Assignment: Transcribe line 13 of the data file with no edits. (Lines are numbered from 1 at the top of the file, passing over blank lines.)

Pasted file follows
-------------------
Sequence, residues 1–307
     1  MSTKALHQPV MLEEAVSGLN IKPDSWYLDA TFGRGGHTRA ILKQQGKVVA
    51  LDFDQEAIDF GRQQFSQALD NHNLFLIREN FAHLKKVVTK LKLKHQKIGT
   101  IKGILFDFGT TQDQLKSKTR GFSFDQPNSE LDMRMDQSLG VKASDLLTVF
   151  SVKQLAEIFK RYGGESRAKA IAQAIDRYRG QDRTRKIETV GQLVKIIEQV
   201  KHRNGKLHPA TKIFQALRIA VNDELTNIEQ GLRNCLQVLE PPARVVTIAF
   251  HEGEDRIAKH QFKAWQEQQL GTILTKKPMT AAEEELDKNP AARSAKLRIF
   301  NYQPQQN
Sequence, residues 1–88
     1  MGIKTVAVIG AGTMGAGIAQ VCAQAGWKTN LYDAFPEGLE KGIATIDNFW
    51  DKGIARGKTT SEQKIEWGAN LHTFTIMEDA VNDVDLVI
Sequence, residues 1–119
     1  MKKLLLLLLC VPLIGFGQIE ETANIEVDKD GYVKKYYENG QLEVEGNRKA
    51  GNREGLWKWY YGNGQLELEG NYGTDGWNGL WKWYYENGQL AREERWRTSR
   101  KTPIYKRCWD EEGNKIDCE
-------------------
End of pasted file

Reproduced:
     1  MKKLLLLLLC VPLIGFGQIE ETANIEVDKD GYVKKYYENG QLEVEGNRKA